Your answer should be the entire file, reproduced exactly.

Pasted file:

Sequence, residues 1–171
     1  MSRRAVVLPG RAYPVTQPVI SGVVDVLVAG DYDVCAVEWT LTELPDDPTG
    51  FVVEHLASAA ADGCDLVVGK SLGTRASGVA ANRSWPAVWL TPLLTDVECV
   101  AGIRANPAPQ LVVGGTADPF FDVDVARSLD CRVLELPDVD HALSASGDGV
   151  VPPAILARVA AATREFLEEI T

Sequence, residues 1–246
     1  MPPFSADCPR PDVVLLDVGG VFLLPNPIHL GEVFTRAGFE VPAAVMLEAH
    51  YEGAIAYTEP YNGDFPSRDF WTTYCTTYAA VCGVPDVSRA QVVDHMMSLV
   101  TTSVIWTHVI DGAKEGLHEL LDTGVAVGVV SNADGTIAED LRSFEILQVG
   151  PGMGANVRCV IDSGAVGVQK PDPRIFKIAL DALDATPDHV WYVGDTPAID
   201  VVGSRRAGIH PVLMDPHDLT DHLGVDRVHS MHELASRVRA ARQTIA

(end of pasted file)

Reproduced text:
Sequence, residues 1–171
     1  MSRRAVVLPG RAYPVTQPVI SGVVDVLVAG DYDVCAVEWT LTELPDDPTG
    51  FVVEHLASAA ADGCDLVVGK SLGTRASGVA ANRSWPAVWL TPLLTDVECV
   101  AGIRANPAPQ LVVGGTADPF FDVDVARSLD CRVLELPDVD HALSASGDGV
   151  VPPAILARVA AATREFLEEI T

Sequence, residues 1–246
     1  MPPFSADCPR PDVVLLDVGG VFLLPNPIHL GEVFTRAGFE VPAAVMLEAH
    51  YEGAIAYTEP YNGDFPSRDF WTTYCTTYAA VCGVPDVSRA QVVDHMMSLV
   101  TTSVIWTHVI DGAKEGLHEL LDTGVAVGVV SNADGTIAED LRSFEILQVG
   151  PGMGANVRCV IDSGAVGVQK PDPRIFKIAL DALDATPDHV WYVGDTPAID
   201  VVGSRRAGIH PVLMDPHDLT DHLGVDRVHS MHELASRVRA ARQTIA